How big a jerk can Jim Harbaugh possibly be? Does he double-dip his chips at the 49ers training facility? Or re-gift for the team’s Secret Santa festivities, despite his $5 million salary? Or persistently apply wedgies to Trent Baalke, the GM he so famously despises, and the rest of San Francisco’s personnel staff? And, if the answer to the last question is yes, are they of the flying and/or atomic varieties?
I understand that Harbaugh’s people skills will probably never put him in contention for a Nobel Peace Prize (I’m guessing he’s also a long shot for the prize in chemistry, among other fields). But when Jets owner Woody Johnson searches for a replacement for Rex Ryan at season’s end, he should forget about whether it’s a defensive or offensive guy, or an old-school disciplinarian or touchy-feely morale booster, and just go with the guy who wins. And if he approaches it that way, the top choice couldn’t be more obvious, because no football coach in the past 50 years has won as impressively as Harbaugh.
When you look at the almost unbelievable progress Harbaugh’s teams have made at his three head-coaching gigs, the before-and-after images his work evokes are incredibly dramatic.
Before Harbaugh arrived at the University of San Diego in 2004, the FCS-level program had spent the previous decade hovering around the .500 mark. In his three years there, Harbaugh’s teams went 29-6.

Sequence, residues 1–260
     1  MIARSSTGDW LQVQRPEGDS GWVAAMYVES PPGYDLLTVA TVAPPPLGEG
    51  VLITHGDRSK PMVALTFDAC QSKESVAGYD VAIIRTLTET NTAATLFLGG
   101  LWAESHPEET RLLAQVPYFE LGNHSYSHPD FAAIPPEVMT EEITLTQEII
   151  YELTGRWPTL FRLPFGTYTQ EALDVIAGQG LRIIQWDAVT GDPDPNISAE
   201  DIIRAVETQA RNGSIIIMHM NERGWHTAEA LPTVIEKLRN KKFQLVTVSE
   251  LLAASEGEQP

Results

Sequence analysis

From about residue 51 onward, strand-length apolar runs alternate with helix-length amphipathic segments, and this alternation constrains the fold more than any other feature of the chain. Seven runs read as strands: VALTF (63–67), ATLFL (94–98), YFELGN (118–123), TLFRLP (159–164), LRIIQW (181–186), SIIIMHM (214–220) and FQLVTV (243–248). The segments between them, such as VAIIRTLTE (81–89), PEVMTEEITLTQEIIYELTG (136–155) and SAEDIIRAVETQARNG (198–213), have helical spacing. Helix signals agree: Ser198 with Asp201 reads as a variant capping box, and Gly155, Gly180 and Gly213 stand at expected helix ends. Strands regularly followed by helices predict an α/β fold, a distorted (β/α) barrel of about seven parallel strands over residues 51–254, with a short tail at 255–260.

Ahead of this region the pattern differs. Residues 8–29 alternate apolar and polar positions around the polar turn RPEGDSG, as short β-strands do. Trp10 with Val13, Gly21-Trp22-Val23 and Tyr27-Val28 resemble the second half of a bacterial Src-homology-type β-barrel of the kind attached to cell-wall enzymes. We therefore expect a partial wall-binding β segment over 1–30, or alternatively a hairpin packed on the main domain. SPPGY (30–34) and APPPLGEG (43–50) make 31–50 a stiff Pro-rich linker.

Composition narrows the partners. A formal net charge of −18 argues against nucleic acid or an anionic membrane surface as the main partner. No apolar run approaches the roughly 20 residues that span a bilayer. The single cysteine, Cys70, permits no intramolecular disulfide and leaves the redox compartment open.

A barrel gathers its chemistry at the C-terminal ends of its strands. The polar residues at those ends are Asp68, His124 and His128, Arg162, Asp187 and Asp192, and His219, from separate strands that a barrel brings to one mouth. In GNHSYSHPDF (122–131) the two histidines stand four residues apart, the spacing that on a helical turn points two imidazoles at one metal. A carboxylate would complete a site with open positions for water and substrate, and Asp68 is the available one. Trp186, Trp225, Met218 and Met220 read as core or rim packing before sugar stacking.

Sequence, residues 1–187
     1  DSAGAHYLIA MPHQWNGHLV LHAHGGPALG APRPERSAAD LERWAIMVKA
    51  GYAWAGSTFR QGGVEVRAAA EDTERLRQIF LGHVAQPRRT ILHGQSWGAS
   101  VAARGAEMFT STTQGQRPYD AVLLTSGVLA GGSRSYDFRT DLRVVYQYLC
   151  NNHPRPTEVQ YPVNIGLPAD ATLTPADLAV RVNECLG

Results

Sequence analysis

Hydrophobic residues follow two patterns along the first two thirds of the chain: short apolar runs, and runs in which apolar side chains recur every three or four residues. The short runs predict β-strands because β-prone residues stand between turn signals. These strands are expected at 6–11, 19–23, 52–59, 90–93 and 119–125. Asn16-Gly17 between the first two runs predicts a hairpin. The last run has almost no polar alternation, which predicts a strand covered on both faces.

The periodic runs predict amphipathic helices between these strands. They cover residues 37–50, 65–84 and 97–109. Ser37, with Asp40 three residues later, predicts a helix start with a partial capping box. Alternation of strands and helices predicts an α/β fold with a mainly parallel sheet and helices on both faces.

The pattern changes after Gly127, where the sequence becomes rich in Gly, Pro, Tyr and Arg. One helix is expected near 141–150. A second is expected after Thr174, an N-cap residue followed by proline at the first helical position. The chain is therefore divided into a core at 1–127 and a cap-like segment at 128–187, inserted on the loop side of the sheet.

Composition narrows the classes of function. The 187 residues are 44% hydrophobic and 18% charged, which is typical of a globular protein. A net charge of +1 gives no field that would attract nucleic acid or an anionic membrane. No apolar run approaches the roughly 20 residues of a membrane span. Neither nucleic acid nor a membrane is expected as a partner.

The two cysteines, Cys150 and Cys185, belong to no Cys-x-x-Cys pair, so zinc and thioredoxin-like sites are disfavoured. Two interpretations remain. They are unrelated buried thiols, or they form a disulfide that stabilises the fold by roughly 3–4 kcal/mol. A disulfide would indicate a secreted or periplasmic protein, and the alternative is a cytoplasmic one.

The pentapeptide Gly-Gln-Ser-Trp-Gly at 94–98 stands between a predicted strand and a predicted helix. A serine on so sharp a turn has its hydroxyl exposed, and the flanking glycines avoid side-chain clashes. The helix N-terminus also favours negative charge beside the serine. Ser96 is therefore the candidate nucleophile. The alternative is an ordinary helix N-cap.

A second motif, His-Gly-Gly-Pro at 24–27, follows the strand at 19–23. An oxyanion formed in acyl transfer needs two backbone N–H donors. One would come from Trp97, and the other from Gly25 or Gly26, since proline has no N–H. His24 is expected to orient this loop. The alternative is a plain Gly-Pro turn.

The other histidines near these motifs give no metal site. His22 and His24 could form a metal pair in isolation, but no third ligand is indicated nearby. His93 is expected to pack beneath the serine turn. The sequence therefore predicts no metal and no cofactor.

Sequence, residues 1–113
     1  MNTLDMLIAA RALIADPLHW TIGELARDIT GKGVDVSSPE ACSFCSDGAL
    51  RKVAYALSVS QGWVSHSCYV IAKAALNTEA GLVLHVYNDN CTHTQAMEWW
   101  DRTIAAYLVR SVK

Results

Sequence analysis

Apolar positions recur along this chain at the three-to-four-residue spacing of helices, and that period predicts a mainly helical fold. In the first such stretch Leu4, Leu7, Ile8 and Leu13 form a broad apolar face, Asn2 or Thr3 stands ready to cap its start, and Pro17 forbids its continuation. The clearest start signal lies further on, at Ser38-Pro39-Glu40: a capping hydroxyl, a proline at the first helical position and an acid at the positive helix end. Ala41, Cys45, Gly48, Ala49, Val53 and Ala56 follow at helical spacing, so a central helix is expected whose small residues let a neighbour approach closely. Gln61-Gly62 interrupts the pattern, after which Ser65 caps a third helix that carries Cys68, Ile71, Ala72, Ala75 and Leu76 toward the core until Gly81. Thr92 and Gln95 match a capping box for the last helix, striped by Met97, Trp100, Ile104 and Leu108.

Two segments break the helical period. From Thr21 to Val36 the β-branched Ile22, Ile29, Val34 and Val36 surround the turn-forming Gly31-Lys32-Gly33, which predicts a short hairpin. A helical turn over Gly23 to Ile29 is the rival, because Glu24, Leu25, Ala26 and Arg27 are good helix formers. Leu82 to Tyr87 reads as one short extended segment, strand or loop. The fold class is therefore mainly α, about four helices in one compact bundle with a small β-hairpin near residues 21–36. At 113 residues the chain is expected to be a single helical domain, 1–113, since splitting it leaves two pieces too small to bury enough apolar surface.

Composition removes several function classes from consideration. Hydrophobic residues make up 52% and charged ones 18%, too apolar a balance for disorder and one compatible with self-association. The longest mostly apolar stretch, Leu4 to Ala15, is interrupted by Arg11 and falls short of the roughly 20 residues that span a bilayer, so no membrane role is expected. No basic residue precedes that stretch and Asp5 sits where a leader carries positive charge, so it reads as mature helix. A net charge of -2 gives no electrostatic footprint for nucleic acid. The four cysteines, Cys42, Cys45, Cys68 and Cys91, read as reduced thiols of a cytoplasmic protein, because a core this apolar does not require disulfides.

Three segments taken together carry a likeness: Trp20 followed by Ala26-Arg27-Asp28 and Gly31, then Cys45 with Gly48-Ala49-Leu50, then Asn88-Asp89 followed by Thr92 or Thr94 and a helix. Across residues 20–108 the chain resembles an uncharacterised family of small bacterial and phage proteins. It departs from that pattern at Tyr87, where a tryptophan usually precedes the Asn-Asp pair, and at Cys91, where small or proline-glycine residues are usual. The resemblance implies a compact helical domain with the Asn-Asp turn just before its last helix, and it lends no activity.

Before taking over Stanford football in 2007, the Cardinal had gone a nearly unprintable 16-40 over the previous five seasons. In his last two seasons in Palo Alto, Harbaugh’s teams went 20-6, including a 12-1 showing by the Andrew Luck-led squad in 2010. Stanford won three out of four against USC in Harbaugh’s time there. One could only assume Harbaugh would’ve swept the Trojans if USC boosters stayed under the salary cap.
The Niners, meanwhile, were 46-82 in eight years before Harbaugh got there. Since his arrival, Harbaugh has won 73 percent of his regular season games. Only two NFL head coaches have done better in the past 75 years: John Madden (76 percent) and Vince Lombardi (74 percent). San Francisco has made it to the NFC Championship game in each of his three seasons, reaching -- and nearly winning -- the Super Bowl in 2013.
Yes, there are questions surrounding Harbaugh: How much will it take to get him, in terms of compensation to the coach (with regard to both pay and power, as he’ll likely want final say on personnel, something he has lacked in San Francisco) and the 49ers? How many other teams, both in the NFL and college, will the Jets have to compete with for Harbaugh’s services? How many Gang Green employees in Florham Park will hate the guy within a few weeks of his arrival?
The answer to all of these, in short, is a lot. But that’s also the answer to the most important question of all: How much does Harbaugh win?
What else do you need to know?